Turning your life around – Part 1

Rebeca GM

Life is about changes and choices, and therefore, decisions. Since the very moment we wake up and take our first conscious breath we are choosing, all day long. Of course there are certain decisions that can be bigger and harder to take. It all comes down to the effect they would have on your life and health, whether it’s physical, mental, emotional, or spiritual.

It’s not strange news that decisions can cause stress, maybe because they involve giving up something else at the same time; simple example for me is choosing breakfast… I have to daily choose in between having a healthy-balanced breakfast OR a delicious triple chocolate muffin with an extra large cup of coffee and milk.

Of course not all decisions are that simple… especially when it comes to moving abroad, which is probably the reason why you’re reading this. Now, I can imagine you know quite a lot about cultural shock and the ‘process’ of getting used to the new place and so on.

I’m not here to repeat what theory says about what’s going to happen and what you should do in every stage… I’m only here to confirm you that, no matter how dark the path seems to be at times, you’ll find the light to walk it all the way through, honest.

Being an expat is always challenging, and as many other things in life, it comes with pros and cons… but I’ll focus on the positive aspects today and I’ll later close (part 2) with my personal suggestions -based on absolutely subjective and personal experience-.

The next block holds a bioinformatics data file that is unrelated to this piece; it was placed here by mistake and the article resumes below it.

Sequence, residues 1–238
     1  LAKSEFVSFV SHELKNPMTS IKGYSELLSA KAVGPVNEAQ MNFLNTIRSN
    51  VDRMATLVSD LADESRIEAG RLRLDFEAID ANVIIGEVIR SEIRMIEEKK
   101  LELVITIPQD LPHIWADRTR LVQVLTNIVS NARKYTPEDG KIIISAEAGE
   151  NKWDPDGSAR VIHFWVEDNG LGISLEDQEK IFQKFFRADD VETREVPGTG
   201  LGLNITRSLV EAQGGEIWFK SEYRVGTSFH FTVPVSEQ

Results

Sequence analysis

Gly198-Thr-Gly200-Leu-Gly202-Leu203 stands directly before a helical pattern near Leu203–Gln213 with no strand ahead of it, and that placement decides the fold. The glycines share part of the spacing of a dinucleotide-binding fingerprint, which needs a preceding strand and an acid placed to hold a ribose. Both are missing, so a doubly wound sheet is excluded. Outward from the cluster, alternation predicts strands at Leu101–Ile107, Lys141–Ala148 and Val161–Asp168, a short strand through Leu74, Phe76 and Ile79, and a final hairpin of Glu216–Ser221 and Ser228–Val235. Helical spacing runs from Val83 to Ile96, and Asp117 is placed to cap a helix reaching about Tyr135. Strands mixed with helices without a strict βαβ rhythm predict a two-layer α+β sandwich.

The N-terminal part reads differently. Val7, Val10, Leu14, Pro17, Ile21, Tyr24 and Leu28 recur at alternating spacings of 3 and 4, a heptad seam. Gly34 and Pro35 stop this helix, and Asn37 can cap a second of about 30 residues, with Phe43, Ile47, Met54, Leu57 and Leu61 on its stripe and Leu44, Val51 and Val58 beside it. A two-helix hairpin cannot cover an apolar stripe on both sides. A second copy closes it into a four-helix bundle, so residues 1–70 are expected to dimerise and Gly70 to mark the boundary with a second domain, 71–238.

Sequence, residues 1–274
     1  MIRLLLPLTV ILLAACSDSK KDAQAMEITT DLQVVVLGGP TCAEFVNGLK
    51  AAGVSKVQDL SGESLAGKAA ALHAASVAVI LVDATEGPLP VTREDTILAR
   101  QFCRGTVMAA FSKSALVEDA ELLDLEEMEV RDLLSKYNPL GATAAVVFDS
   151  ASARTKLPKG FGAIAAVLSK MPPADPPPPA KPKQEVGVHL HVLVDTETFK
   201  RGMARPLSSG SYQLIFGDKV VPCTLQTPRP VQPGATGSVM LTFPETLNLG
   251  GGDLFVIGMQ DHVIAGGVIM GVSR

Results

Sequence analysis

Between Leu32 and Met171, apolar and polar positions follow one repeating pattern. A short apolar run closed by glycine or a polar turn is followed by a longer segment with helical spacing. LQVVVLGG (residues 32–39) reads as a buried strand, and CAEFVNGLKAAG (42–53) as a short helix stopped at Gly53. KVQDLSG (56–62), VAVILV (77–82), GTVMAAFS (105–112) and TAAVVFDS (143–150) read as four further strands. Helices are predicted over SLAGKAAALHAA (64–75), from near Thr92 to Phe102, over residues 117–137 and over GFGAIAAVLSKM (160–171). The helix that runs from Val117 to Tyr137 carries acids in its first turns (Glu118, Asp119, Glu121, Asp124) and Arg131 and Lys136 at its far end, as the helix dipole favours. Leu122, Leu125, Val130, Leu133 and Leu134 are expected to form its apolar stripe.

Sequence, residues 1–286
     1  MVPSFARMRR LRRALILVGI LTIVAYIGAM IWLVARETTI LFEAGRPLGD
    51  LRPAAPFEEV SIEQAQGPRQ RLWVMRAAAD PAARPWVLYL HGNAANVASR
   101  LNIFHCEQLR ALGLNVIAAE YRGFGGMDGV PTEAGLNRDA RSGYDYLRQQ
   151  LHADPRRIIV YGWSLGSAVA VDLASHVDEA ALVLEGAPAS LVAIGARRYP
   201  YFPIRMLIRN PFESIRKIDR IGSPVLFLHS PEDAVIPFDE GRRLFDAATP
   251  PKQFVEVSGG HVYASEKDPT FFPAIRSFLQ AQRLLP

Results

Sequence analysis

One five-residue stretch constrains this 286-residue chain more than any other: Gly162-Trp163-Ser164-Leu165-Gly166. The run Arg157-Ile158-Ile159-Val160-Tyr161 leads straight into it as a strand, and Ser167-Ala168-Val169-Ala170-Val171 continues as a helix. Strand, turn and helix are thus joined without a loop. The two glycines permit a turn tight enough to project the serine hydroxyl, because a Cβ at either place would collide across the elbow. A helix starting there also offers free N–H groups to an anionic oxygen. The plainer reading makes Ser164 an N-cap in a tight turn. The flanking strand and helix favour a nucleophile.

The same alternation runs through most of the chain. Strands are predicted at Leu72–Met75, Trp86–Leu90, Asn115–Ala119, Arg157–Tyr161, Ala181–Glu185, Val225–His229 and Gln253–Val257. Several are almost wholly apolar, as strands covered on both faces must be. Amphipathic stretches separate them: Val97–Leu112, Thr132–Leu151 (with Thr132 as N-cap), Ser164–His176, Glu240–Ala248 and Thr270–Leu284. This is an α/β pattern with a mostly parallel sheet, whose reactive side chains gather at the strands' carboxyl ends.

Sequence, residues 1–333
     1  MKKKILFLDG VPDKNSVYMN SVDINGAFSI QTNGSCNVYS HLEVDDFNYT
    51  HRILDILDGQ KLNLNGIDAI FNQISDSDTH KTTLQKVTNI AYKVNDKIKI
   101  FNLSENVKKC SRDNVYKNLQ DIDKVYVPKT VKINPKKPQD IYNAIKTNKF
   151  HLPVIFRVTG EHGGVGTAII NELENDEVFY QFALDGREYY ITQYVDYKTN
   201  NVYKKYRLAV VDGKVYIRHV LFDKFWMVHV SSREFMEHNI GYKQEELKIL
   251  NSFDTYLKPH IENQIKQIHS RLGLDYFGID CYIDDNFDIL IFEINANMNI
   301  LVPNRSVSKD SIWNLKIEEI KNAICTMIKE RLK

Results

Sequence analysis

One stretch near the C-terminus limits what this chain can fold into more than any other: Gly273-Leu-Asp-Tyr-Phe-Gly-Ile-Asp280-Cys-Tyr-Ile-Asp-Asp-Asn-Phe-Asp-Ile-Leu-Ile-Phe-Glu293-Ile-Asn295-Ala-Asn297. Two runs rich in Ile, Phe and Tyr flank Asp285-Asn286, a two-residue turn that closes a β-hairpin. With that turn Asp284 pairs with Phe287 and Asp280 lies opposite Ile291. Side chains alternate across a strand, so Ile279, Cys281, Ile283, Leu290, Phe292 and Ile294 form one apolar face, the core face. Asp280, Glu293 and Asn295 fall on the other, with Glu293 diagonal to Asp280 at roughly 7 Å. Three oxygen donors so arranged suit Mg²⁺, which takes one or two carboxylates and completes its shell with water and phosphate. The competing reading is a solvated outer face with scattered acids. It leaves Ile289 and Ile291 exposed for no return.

The bright side of living abroad:

+ You develop new neuropathways: It’s been scientifically proven that new and/or challenging experiences enhance your brain’s performance and foster the development of new connections within and between the hemispheres. You’ll instantly enter the Growth-Zone!

+ You become an Ambassador without the diplomatic responsibilities: You’ll have the chance to promote your country, culture, costumes, traditions, delicious recipes, etc. with a whole bunch of other people that might, or might not, have the chance to later visit your country on their own.

+ You exercise and widen your critical-thinking skills: You’ll be automatically inserted into a place in which people and companies reason, analyze, evaluate, take decisions, and solve problems differently from you. I know, I know… this can be quite a challenge, but you’ll become a better thinker anyway!

+ You’ll automatically become Interculturally Competent: Whether you like it or not; regardless of the time you spend at a place -6-12 months, years, or a lifetime- you will develop abilities that were not available to you before your arrival in the host country. You’ll heighten your senses in ways that you probably couldn’t imagine before.

+ Your Network will expand: Unless you decide to stay behind doors at all times, your network will widen effortlessly. And so will your opportunities; therefore it is important you keep both, your eyes and mind open.

You probably didn’t think of those, right? Or maybe you did, in which case keep your positive vibe going.

I’ll ‘see’ you next time with my simple ways to stay in the positive zone whilst managing the task of living abroad…

Rebeca GM

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